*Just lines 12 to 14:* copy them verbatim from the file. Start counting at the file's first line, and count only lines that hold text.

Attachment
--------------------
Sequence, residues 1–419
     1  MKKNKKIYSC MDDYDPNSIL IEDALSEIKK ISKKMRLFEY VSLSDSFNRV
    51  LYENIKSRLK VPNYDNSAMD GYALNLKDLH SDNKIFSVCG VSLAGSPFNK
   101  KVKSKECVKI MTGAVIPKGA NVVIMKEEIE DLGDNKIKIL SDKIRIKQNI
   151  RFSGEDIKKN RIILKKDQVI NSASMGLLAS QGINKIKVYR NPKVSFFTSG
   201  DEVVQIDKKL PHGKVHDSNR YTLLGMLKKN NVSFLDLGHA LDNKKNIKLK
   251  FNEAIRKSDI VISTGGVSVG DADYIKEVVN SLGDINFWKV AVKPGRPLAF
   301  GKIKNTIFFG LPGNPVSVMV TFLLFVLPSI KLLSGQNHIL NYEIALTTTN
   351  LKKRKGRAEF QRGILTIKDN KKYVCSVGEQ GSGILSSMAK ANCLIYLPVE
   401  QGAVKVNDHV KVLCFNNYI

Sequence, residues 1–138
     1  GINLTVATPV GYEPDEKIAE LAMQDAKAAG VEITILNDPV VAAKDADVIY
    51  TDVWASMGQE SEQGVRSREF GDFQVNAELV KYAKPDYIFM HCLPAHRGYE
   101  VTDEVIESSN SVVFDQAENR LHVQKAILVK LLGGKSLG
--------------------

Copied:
     1  GINLTVATPV GYEPDEKIAE LAMQDAKAAG VEITILNDPV VAAKDADVIY
    51  TDVWASMGQE SEQGVRSREF GDFQVNAELV KYAKPDYIFM HCLPAHRGYE
   101  VTDEVIESSN SVVFDQAENR LHVQKAILVK LLGGKSLG